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" ... To emerge victorious over my enemies, with this aim alone do I behead you ... " " Within you have I transferred the life of my enemy through this sacrificial rite .... " "Oh! And yet ... and yet I had to strike three times. Oh Devi, Oh Mahamaya ... " "The Garo villagers are busy cutting up the buffalo. They are distributing the pieces amongst themselves. If it is a spectacle you want to witness, why don't you go and watch them? .. It is a virtual festival over there." Once again all three of them fell silent. "Sir, is it true that the Devi accepted human sacrifices? Was human blood ever spilled on the Devi's shrine?" "Human sacrifices? Yes, it is mentioned in the sacred texts. A human sacrifice, performed strictly according to the prescribed rules, and offered to the Devi, gives her supreme satisfaction lasting for several years. Three humans, if sacrificed to the Devi, would give her pleasure for lakhs of years The relish of human flesh lasts for three thousand years Only after mastering the prayers evoking the sacred powers of the sacrificial knife, learning their proper enunciation and manner. ... I have trained hard for several years .... " Even as he spoke, Sambhudev tossed a grapefruit into the water and sliced it in two. "This is a rehearsal so that my sacrifice is not rejected .... " Holding on to Saeng's hand, she walked on along the narrow and twisted path. The path snaked along under trees and thorny shrubbery until they came to a huge banyan tree .... Here, the forest was thick and extremely dense. The creepers hung down from the trees and entwined themselves in her hair. ... Something sticky fell on her forehead. It was wild honey, dripping down from some hidden honeycomb. There were some stones shaped like the footprints of the Devi, some pilgrims had placed vermillion and tulsi on these

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stones and Padmapriya had to hop over them so that she did not step on them by mistake. After all, who knows, perhaps she was accidentally stepping on some portion of the original temple, which had been destroyed by Kalapahar. Finally, the two of them stopped under an old banana tree. The Garo villagers were making preparations to carry away the skinned and cut carcass of the buffalo. Blood was splattered all around, staining the grass and the leaves of the bushes ... the innards were lying twisted and bloated a little further away-she could vividly imagine how the buffalo would have been pulled up to the temple ... he would have found the stone steps difficult to climb .... Oh God! How he would have looked around with terror in his eyes! Now there was he scattered all over the place. Ah! Oh God! Oh God! Oh God! What has happened? What has come over her now? .. She has fallen down on to her knees and bitter sobs are tearing out of her. Saeng was at his wits end. He did not know which way to turn now. Sambhudev had stopped slicing his grapefruits and stood looking at them .... For the next two days she did not go out in search of her white flowers. She bolted the door to her room and remained there in the darkness, alone .... Often, she would stand before the mirror and try to examine the white spot on her back .... In that dark room she could hardly see anything at all, but still she would persist .... The white spot appeared to have remained unchanged. It had not increased, nor had it decreased. Slowly, rhythmically, she began to rub at the spot, her nails bit into her skin .... She lay down tossing and turning on her bed.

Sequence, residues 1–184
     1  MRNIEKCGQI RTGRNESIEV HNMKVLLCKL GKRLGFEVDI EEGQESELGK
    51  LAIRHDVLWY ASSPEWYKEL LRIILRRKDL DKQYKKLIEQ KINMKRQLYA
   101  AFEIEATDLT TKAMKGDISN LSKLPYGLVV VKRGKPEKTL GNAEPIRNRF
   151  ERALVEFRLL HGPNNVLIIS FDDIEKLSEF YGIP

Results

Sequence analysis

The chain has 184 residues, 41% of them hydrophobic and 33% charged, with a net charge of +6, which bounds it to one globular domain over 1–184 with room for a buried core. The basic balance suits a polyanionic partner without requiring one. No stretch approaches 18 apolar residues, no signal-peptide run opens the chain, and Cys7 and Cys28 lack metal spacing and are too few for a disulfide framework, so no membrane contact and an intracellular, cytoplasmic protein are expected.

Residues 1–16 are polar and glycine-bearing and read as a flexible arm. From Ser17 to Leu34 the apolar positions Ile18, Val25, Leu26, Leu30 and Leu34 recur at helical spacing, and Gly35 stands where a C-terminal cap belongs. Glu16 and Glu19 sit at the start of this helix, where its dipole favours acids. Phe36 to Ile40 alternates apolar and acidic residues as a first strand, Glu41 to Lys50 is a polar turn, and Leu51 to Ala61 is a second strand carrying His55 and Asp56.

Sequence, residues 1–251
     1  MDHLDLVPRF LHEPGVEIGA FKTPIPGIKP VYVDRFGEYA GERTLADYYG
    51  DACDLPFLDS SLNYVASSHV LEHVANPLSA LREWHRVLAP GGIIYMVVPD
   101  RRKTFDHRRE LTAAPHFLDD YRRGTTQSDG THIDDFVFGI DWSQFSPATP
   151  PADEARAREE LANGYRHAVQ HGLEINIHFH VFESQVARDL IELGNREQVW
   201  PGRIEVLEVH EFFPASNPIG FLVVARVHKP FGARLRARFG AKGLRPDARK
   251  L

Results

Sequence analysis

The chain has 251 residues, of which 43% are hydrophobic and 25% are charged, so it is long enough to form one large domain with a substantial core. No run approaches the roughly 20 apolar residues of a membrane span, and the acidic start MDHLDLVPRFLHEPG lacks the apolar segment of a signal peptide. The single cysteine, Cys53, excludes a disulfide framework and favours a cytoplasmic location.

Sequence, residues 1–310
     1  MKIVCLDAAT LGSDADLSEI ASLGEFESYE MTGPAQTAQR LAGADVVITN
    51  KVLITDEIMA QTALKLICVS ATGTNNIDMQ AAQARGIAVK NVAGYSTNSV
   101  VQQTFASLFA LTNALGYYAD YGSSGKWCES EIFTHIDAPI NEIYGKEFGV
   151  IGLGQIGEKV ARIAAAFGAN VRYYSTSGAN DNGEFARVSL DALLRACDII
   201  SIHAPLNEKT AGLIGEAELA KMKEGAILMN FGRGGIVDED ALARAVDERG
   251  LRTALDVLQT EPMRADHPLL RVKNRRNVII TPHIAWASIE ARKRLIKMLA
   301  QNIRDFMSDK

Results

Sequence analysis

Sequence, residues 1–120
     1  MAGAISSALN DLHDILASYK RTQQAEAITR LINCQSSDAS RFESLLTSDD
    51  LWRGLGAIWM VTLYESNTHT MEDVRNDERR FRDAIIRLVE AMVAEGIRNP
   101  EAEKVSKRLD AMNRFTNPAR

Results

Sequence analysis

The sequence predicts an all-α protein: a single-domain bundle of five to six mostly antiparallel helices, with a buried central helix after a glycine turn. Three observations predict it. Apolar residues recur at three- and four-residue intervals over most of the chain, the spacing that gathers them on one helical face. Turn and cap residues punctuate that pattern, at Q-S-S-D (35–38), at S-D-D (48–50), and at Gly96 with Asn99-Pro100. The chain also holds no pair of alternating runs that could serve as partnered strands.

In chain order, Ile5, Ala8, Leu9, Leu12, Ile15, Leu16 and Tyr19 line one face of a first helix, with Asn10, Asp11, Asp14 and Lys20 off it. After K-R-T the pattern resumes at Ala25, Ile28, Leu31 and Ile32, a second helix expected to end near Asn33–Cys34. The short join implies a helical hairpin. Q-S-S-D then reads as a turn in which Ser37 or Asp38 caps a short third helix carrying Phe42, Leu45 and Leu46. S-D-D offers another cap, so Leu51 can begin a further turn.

A week later, Lawonya and two other girls came down to Padmapriya's house. Padma's mother, Yashobai, was very pleased to see them. Padma had not stepped out of her room